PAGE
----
Bastion (first star), Kinsale

Bastion is an intimate 50-seater restaurant in this charming seaside town and has just won its first Michelin star and is one of two Cork eateries to join the Michelin Great Britain and Ireland guide for 2020. Chef Paul McDonald and his restauranteur wife Helen run this contemporary Irish restaurant, using as much local produce as possible where all principal ingredients are of Irish origin. An eight-course tasting menu is on offer for all diners, but save space for a moreish Guinness sourdough with treacle.

How to get there

Just 13 miles from Cork Airport (ORK), Aer Lingus and Ryanair are your best bet. Aer Lingus has flights from Cork (ORK) to Birmingham (BHX), Bristol (BRS), Edinburgh (EDI), Glasgow (GLA), London (LHR) and Manchester (MAN). Ryanair has routes between Cork (ORK) and Liverpool (LPL), London Gatwick (LGW) London Luton (Luton), and London Stansted (STN).

(Photo by Marius Roman/Getty Images)
(Photo by Marius Roman/Getty Images)

Where to stay

Kinsale has a whole host of accommodation options and better still, you can earn Avios. You to earn up to 6 Avios for every £1 spent with every hotel booking at hotels.com. In order to earn Avios, you need to book via this link where you can add your British Airways Executive Club number. Our recommendations include The White House or The Blue Haven — both busy and buzzy local restaurants, bars and hotels.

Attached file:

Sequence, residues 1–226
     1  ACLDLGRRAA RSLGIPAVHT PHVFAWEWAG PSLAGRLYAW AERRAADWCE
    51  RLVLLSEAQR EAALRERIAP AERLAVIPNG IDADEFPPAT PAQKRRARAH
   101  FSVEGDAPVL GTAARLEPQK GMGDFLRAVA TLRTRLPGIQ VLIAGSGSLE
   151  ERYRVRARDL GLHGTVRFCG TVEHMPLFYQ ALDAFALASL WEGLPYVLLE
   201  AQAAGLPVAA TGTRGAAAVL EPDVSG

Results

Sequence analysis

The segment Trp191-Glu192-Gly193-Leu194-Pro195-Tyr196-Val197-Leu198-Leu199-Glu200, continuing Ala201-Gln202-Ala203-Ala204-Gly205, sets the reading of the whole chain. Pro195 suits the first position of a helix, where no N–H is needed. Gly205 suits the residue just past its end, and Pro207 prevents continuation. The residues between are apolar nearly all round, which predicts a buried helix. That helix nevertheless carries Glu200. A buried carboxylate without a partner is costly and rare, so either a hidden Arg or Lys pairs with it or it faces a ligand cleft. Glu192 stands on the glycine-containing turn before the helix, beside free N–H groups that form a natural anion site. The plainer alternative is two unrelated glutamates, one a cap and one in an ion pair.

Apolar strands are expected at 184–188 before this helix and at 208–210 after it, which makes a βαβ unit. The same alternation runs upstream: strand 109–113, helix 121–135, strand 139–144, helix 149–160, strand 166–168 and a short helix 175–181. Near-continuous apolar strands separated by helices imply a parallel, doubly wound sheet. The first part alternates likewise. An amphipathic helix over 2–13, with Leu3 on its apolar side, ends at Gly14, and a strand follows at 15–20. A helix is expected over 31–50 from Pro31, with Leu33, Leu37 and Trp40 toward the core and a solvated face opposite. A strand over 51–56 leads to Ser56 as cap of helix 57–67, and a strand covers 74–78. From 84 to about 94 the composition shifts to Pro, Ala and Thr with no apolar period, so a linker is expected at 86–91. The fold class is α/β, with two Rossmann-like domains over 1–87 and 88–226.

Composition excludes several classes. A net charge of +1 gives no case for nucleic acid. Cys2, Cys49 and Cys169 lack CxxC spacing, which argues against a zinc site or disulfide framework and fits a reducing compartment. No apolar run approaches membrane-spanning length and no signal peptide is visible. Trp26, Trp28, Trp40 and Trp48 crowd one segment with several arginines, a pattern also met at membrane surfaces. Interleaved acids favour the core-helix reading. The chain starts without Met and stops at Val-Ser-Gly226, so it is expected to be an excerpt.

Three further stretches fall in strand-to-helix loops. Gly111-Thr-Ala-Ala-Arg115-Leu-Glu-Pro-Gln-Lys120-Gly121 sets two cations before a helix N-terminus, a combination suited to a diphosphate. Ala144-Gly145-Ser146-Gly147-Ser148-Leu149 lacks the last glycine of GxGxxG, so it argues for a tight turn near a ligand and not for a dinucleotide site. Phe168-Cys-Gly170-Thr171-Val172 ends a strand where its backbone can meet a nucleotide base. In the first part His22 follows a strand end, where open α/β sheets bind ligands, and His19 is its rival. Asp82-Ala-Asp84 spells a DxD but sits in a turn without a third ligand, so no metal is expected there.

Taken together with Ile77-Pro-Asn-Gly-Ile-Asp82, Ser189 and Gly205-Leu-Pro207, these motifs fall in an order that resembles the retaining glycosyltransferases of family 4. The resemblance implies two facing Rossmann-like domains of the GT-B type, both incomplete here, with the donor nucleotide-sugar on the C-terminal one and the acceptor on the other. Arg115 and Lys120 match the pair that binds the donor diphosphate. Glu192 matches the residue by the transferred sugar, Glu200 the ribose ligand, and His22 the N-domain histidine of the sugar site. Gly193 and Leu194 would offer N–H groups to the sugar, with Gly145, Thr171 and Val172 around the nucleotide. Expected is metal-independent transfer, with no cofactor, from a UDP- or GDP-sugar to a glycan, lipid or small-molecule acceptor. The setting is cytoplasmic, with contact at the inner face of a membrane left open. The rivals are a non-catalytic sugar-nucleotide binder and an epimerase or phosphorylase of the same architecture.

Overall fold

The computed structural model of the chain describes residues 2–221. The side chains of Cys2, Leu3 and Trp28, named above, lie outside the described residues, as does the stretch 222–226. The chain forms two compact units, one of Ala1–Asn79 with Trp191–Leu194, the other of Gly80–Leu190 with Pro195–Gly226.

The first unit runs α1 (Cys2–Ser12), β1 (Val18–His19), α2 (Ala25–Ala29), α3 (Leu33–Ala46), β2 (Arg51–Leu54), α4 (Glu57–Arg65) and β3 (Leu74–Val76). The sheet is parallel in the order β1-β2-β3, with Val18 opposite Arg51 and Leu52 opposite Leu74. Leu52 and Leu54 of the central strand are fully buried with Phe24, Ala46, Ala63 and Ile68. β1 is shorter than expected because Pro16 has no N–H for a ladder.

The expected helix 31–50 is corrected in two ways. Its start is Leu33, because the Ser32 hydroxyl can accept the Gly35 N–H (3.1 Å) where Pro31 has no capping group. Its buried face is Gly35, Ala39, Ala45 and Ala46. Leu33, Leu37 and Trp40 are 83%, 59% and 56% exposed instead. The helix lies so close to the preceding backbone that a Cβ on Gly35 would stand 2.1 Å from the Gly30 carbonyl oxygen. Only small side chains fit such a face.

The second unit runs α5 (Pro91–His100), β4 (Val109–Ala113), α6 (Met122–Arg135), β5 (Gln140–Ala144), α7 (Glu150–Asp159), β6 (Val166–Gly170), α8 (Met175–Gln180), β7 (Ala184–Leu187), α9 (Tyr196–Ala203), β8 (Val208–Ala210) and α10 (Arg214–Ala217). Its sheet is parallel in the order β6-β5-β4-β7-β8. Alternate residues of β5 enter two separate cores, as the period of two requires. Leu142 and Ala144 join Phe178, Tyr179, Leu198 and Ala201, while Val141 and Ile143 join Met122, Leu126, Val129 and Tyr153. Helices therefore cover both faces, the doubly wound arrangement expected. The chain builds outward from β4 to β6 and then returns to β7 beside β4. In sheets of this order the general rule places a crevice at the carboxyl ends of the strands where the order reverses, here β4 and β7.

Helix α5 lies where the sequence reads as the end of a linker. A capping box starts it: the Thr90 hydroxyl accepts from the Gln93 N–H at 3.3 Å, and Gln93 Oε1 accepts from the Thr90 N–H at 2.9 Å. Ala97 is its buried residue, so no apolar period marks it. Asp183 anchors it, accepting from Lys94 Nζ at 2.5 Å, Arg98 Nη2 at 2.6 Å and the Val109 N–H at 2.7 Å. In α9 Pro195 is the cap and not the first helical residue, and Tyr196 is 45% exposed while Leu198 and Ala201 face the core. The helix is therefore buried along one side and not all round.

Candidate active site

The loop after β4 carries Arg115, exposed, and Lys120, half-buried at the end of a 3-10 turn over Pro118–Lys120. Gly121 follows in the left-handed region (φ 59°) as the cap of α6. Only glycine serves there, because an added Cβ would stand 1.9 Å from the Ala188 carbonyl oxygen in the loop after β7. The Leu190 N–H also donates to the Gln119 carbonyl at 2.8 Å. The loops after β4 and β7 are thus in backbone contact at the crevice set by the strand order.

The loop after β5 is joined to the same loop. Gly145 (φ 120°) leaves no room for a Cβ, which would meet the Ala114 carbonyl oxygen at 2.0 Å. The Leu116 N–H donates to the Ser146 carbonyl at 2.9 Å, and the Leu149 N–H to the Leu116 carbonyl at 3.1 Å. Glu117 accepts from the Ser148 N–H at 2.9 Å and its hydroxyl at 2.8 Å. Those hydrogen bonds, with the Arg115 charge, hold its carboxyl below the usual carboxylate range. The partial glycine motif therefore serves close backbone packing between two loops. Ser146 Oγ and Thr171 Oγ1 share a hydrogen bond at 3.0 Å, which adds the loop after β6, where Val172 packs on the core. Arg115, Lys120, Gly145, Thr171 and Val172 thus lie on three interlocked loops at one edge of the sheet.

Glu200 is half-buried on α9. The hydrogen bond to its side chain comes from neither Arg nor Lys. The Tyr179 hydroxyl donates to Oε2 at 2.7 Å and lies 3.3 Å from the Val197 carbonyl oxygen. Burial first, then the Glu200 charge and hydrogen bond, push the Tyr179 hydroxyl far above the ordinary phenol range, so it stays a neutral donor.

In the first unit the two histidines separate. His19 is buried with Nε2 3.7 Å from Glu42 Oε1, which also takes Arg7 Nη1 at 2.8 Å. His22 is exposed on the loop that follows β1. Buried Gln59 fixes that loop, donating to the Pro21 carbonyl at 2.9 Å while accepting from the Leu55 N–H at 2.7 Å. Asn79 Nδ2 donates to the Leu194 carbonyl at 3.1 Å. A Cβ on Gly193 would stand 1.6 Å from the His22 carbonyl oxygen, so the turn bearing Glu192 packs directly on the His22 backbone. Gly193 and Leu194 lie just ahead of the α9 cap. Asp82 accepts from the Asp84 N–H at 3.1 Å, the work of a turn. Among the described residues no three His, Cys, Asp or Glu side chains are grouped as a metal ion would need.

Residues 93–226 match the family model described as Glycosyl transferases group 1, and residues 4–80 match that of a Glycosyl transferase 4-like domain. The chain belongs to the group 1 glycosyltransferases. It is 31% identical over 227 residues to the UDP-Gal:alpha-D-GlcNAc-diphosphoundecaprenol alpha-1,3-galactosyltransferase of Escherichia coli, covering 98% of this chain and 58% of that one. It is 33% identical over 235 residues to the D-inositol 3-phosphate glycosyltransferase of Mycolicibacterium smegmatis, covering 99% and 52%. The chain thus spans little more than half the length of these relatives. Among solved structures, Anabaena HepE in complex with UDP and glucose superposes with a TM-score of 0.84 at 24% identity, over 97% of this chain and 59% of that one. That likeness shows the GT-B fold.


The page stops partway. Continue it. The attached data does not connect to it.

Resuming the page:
Things to do

Kinsale is a leading Irish tourist attraction and the southerly starting point of the Wild Atlantic Way trail. As well as exploring Kinsale town centre, a waterfront walk is a great way to see the area. A five-minute drive will then take you to Charles Fort on the water’s edge at Kinsale Harbour. To work up an appetite, a walk around a beautiful coastal headland called the Old Head of Kinsale is one of West Cork’s most spectacular walking routes. Scilly Walk is also another beautiful route that takes you all along the estuary in the town. Finish with a pint at The Bulman pub with lovely views of the marina from across the water.

Honourable mention: The Muddlers Club (first star), Belfast, Northern Ireland (U.K.)

Given this Northern Irish eatery isn’t technically in Ireland, it gets and honourable mention. The Muddlers Club in Belfast became the third Northern Ireland restaurant to receive a Michelin star. Named after the secret society that met there over 200 years ago, chef and owner Gareth McCaughey hand picks ingredients daily from the best of homegrown Irish produce, offering an enticing tasting menu (that caters for vegetarians and vegans) and a lunch menu, too. The open kitchen provides a sense of theatre and allows you to look on as Irish ingredients are transformed into masterpieces.

How to get there